Plenty of factors help keep numbers up for struggling wrestling program
November 14, 2008
Steamboat Springs — If they argued, perhaps it wouldn’t work.
They don’t argue, though, and, for now, the Steamboat Springs wrestling team is alive. That’s quite an accomplishment considering the squad fielded just two wrestlers last season.
The team struggled for years with ever-decreasing numbers, and what helped the program avoid the pin could be the topic of quite the debate.
Maybe its junior Derek Morris who has kept the Sailors’ wrestling boat afloat.
Morris returns for the new season as the program’s most experienced wrestler. He’s optimistic, goal-orientated and honest.
“This time last year, I didn’t think we’d have a team again,” he said.
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It would have been disappointing, he said, and he knows disappointment. He was red hot last season but suffered a string of debilitating injuries and was so stricken by mono late in the year he couldn’t even get out of bed.
Rather than quit, however, he pressured friends and classmates all through the off-season. When a new year opened up with the first practice earlier this week, he still had a team, now swollen to 11 wrestlers.
“I just really like wrestling,” Morris said. “There’s no sport harder than wrestling. There’s no better feeling that winning a match.”
Was it Morris who helped the program survive, or was it coach Shane Yeager, a fiery former Steamboat high school wrestler?
Yeager has been a part of youth wrestling programs in Steamboat for years.
“It’s my life,” he said of the sport.
He may be the life of wrestling in Steamboat. Wide, strong and rough around the edges, Yeager exudes enthusiasm for his sport at all levels.
He was as quick Thursday to talk up the prospects he’s tutored in middle school and junior high wrestling programs as he was to heap praise on the athletes he was coaching in the wrestling room at Steamboat Springs High School.
“My best group, it’s the seventh- and eighth-graders,” he said, his tree-trunk arms stuck to his hips as he considered that statement. “Wait. I don’t know – my third- and fourth-graders are animals, too.”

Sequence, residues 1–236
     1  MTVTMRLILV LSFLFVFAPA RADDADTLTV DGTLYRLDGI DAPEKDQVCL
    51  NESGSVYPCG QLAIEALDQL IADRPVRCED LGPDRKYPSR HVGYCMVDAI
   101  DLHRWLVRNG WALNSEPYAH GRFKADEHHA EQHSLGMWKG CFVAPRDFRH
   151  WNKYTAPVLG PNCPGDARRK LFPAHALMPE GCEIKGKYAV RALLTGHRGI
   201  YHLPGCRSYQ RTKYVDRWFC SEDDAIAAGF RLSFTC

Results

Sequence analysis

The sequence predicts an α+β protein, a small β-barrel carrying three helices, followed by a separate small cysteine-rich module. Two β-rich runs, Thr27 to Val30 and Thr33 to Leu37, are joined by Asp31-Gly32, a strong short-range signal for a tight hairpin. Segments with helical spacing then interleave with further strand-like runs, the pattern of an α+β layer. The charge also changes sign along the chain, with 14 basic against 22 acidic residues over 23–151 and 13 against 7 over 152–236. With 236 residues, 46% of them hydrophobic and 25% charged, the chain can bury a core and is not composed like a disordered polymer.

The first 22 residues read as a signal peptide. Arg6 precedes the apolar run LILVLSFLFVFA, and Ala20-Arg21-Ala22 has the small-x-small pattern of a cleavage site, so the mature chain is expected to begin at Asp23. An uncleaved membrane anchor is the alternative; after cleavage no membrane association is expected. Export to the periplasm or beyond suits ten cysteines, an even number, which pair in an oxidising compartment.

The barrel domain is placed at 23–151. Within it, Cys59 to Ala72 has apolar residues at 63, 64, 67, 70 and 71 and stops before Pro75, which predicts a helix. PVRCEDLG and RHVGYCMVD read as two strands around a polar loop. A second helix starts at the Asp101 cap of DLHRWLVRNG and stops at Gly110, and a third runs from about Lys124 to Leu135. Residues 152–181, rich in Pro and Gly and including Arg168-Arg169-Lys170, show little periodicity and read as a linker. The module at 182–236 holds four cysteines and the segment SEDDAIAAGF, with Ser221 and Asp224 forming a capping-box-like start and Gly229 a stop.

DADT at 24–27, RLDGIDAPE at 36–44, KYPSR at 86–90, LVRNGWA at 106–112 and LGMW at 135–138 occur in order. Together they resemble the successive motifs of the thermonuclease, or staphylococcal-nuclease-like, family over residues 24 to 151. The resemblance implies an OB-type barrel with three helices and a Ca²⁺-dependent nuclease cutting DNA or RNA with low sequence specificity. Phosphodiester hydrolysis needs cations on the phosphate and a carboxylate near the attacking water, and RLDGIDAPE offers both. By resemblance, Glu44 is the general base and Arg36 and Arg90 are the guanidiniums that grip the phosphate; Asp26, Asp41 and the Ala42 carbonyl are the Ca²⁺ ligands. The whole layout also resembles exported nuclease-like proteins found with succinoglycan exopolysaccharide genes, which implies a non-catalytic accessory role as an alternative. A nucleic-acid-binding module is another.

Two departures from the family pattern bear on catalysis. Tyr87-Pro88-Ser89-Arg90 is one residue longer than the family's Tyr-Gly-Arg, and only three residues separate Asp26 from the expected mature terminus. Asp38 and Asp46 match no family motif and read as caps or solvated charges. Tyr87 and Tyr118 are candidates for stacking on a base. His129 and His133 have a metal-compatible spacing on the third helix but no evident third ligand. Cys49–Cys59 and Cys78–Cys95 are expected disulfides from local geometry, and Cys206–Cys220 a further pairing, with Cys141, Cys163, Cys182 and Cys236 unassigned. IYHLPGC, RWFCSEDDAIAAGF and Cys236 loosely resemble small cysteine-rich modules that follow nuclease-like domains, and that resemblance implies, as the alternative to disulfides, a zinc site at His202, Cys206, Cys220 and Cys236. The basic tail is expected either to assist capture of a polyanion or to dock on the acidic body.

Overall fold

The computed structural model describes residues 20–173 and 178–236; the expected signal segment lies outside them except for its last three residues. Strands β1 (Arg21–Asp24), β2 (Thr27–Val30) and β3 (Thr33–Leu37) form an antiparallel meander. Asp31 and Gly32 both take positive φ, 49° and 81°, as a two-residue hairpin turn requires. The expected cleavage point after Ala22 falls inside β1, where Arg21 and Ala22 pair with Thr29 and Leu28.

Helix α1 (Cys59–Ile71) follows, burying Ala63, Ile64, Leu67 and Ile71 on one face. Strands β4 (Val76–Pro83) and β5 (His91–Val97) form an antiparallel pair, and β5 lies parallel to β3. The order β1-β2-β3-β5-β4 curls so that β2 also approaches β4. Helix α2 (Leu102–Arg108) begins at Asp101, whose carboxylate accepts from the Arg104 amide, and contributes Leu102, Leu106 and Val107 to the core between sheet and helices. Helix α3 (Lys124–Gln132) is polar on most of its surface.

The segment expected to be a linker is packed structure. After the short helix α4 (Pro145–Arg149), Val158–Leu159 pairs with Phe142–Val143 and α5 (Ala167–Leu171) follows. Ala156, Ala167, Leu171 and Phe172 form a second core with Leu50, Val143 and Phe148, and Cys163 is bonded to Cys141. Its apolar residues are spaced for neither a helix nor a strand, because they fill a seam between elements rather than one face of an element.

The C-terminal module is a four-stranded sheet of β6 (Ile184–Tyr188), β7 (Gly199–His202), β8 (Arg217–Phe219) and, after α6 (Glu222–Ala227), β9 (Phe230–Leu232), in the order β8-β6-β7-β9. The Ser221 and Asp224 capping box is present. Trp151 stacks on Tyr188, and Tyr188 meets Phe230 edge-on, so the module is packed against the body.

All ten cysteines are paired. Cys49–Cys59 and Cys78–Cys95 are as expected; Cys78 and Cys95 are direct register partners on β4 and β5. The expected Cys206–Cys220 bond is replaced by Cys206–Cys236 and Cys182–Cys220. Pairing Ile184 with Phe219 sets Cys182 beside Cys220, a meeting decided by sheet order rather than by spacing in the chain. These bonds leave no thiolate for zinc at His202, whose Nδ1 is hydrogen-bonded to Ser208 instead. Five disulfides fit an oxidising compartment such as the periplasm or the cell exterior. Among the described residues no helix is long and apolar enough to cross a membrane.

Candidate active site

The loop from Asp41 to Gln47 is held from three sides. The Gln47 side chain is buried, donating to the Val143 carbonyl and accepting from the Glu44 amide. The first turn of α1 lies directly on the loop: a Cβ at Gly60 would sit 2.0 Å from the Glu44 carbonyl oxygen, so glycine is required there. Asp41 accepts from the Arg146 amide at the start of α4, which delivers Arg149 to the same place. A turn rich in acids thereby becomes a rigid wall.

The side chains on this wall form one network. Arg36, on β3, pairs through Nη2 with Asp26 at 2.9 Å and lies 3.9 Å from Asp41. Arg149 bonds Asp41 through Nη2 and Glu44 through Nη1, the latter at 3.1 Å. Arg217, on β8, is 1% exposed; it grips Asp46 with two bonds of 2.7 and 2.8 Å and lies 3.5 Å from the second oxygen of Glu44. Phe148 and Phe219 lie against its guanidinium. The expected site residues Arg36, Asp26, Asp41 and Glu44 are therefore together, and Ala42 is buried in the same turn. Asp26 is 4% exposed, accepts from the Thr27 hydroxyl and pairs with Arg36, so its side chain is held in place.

Yeager was an assistant with the high school team for several years and stepped into the head coaching position just two weeks before practices started after former coach Sean McCarthy had to take a hiatus.
He plans to make the entire team stronger by focusing more on moves, holds and wrestling tactics than has been done in the past.
Did Morris or Yeager save the program, or was it senior Steven Lucas?
Lucas stands almost as Yeager’s opposite. He’s skinny, sports a bushy head of hair and is quiet in comparison. Like his coach, he spent Thursday patrolling the mats looking to offer advice and help inexperienced wrestlers quicken moves and tighten holds.
It’s a unique role for a student only three years into the sport. It’s an astonishing role for one who just arrived in Steamboat Springs several months ago.
Lucas started his wrestling career in Baltimore as a sophomore. The sport, to him, always has been a part of a broad-based interest in fighting sports. Once in Steamboat, he used that interest to help revive the team.
He held tutoring sessions with his new classmates during the fall, working in the wrestling room on martial arts and wrestling.
“Wrestling was kind of a joke when I got here,” Lucas said. “Then we started doing stuff after school, and more kids got interested. I was teaching jujitsu, some ground combat and I was doing it all just to get other people interested in wrestling.”
Was it an Ultimate Fighter-type appeal that Lucas brought, or was it something or someone else that rescued the Steamboat wrestling team? Alone, Morris, Yeager and Lucas don’t make much of a squad.
Steamboat Athletics Director Richard Lee insisted the program would never disappear.
It may drop to become a Tier 2 sport, or, as a worst-case scenario, Steamboat’s wrestlers could join those of either Soroco or Hayden high schools. Still, the half-dozen wrestlers that joined Morris, Yeager and Lucas working Thursday are a testament that it may never to come to that.
The recruiting efforts by all three have started to pay off. Thomas Tuthill, a freshman, was unlucky enough to spend most of the evening as Yeager’s test dummy. Tuthill hung on as his coach taught, often with his face plastered to the mat or tucked in an armpit.
First-year high school wrestlers Beto Rivera and Edgar Moreno fought each other nearby, taking tips from anyone dishing them out.
“I wanted to try something new,” said Austin Ritzel, a sophomore also in his first year wrestling. “The size of the program didn’t bother me. It helped me decide, actually. Steamboat has a great wrestling tradition, and I wanted to help keep it alive.”
Whoever it was that tipped the scale and helped wrestling in Steamboat survive at least one more year wasn’t interested in taking credit Thursday evening. Instead, the group focused on the task of preparing for the season’s first meet.
“Already this season’s been very successful,” Lucas said. “I know they only had two people out last year. To have this many people here and have this much support is a success.”
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